The National Art Gallery of The Bahamas brings to life a collection of over 110 works from the master Bahamian artist, Chan Pratt. We celebrate Pratt's life and creativity posthumously in "Resurrection." Working closely with Dewitt Chan Pratt, Chan's son along with 20+ collectors across the archipelago we bring to life his story and ruminations on the landscape and honour the legacy of works left for study and record.
The National Art Gallery of The Bahamas is proud to present a collection of new paintings by interdisciplinary artist Tessa Whitehead. Her first solo exhibition in The Bahamas titled "...there are always two deaths" catalogues the artist's observations of the landscape, everyday life, and the inner working of nature in conjunction with the sacred feminine.
Averia Wright presents "Straw Paradox: The Pig that Built His House of Straw" in the NAGB Project Space her following her moving works for the National Exhibition 9 "The Fruit and The Seed", "Elevating the Blue Light Special." Drawing from tradition and her family's history, Wright will explore the legacy of straw works and its relationship to the Bahamian tourism industry.
Growing up on the Island of Grand Bahama in the quaint settlement of Eight Mile Rock, Anthony “Big Mo” Morley’s artistic Journey began. Surrounded by the beauty of nature; the beautiful flowers that bloomed in the spring, the hibiscus in all its varied colours, the yellow elders and the magnificent poincianas which lit up the evening sky, blended with the yellows and oranges of the sunset all set Morley’ creative juices flowing.
The NAGB team is taking the Inter-Island Travelling Exhibition to Grand Bahama for the second time this April! We were last in Grand Bahama in 2016 with “Max/Amos”, which was showcased at the Charles Hayward Library; now the NAGB's travelling exhibition programme is taking "Trans: A Migration of Identity” to our second city, where it will be on display at the Rand Nature Centre from April 5th- 26th, 2019.
Tamika Galanis takes an in depth look at the Alan Lomax Collection which boasts hundreds of sound recordings and photographs collected from New Providence, Cat Island, and Andros on Lomax’s initial trip in 1935 and a subsequent trip back to Andros in 1979. The sparse documentation of the initial trip shrouds the archive in mystery, making it near impossible to locate the descendants of those whose likenesses appear in the collection some eighty years later; but, the dead continue to speak through the materials.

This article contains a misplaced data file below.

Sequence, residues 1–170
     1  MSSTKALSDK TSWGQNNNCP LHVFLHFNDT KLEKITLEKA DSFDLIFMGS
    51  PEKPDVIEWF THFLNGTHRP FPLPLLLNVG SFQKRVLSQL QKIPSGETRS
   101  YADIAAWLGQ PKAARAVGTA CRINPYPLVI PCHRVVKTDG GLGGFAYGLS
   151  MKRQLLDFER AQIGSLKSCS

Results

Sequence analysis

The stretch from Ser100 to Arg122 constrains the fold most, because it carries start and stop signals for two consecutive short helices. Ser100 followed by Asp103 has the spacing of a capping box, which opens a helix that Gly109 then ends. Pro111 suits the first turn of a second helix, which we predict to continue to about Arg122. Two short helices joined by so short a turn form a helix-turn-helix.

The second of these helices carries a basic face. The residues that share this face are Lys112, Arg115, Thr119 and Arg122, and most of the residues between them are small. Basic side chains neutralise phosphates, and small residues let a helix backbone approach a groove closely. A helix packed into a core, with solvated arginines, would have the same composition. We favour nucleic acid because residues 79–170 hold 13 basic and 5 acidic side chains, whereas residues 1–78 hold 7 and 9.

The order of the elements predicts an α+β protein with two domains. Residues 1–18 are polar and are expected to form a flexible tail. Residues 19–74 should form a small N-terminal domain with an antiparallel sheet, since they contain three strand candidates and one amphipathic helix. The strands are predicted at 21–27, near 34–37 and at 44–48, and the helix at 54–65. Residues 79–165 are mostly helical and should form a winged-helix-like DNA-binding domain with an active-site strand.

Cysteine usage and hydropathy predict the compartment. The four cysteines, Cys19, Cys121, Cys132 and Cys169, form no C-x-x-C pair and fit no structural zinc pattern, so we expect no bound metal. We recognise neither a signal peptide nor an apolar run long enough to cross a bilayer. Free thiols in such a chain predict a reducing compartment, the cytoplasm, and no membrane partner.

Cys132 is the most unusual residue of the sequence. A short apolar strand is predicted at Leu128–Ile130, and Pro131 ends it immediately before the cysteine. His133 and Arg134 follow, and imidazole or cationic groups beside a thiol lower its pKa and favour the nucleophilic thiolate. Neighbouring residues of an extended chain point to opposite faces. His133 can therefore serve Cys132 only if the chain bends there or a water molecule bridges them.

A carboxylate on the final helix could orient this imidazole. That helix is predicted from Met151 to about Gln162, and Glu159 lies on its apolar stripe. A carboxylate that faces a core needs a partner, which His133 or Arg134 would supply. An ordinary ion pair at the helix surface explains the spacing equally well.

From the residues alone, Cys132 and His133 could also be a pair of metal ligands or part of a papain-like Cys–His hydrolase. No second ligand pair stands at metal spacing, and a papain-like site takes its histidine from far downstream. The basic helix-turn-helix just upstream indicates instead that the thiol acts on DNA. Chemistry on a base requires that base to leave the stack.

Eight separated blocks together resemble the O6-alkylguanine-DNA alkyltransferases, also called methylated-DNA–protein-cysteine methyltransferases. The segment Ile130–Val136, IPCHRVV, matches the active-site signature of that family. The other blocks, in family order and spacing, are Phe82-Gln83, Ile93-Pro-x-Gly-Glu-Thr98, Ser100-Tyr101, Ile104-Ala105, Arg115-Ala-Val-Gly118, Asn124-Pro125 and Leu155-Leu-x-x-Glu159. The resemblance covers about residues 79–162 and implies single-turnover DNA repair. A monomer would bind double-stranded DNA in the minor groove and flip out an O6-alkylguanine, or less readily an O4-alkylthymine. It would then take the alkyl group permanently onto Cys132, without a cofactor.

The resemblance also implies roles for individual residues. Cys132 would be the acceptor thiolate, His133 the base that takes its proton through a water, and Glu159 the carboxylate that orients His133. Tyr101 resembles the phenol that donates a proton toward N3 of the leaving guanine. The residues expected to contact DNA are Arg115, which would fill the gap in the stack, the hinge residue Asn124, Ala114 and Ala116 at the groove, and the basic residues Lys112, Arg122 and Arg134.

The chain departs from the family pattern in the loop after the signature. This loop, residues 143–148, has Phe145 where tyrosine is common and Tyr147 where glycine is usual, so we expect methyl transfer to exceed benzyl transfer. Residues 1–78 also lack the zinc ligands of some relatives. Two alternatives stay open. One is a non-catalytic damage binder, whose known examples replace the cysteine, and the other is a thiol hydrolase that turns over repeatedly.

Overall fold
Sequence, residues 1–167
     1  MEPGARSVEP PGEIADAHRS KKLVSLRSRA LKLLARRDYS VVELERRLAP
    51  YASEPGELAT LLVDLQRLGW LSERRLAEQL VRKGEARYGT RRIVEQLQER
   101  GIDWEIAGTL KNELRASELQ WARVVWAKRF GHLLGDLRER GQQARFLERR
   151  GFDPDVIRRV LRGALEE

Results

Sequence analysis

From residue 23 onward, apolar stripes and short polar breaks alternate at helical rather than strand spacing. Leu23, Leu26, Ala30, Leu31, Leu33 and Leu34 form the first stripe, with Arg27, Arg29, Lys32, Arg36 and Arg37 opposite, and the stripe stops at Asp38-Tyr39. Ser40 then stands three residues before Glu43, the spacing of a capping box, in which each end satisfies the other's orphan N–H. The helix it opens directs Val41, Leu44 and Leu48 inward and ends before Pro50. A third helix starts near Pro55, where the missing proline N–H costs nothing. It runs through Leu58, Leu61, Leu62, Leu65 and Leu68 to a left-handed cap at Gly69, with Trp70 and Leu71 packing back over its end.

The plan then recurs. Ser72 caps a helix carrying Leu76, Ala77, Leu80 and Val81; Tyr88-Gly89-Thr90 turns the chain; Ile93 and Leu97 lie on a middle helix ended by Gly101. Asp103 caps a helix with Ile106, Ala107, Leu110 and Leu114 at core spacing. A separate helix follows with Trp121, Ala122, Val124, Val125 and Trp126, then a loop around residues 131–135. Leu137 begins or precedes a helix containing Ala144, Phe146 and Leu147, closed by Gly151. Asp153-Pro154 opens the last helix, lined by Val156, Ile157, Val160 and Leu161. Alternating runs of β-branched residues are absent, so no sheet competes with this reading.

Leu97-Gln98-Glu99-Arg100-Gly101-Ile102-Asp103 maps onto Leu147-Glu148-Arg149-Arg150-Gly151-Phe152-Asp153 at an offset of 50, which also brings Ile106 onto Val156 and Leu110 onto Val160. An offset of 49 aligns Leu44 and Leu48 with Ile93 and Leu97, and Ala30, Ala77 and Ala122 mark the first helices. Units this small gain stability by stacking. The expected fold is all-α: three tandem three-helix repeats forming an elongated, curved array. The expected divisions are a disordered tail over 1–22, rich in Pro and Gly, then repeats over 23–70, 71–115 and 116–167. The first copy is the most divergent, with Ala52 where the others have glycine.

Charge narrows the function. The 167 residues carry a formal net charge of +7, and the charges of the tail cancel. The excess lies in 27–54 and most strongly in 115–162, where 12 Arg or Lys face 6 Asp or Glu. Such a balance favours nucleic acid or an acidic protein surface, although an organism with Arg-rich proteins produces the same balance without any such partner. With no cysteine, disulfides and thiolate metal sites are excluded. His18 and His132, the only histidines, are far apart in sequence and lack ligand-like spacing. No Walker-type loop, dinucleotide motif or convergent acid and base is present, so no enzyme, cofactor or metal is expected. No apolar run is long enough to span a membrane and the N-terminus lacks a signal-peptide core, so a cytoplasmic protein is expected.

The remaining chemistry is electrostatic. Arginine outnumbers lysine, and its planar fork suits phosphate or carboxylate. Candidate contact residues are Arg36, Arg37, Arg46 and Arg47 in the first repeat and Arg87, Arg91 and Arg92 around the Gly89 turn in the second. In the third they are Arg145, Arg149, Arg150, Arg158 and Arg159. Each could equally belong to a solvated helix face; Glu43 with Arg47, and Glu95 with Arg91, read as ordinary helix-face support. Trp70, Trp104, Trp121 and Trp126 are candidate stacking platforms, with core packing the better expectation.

The National Exhibition 9 "The Fruit and the Seed" will open on Thursday, December 13th, 2018 an run through March 31st, 2019. A socially curious project, “The Fruit and the Seed” centres around how artists are working to define their space and experiences. Whether it be through the lens of race, gender, parity and class as a way to clarify cultural, social and aesthetic decisions, the art-making process is used as a tool to bring to the fore ideologies on activism and advocacy, leading to a more empathetic and understanding culture.
Avid Junkanoo practitioner, Carlos Bain, lights up the Project Space (PS) room for the month of December and January with a refreshing take on the traditional elements of the annual festival. Using crepe paper, bright colours, organic shapes and the congregation and crowds in the festivities, Bain advances and broadens the representations around Junkanoo and the connectivity of the spirit of communing together. You are invited to celebrate the works in "Second to None" which will be on view through Sunday, January 20th, 2019.
How do we define ourselves? What does a dialect do and, within that vernacular, what does our dissent sound like? “Hard Mouth: From the Tongue of the Ocean” is a look at the way language–both verbal and visual–has shaped The Bahamas and how we view ourselves. From the way we speak, to the way that we voice our discontent, to the way we envision ourselves as women and as part of the Black Diaspora, “Hard Mouth” is a call to the “biggity” and bold nature of Bahamians and a foray into how this archipelago, around the Tongue of the Ocean itself, finds its voice.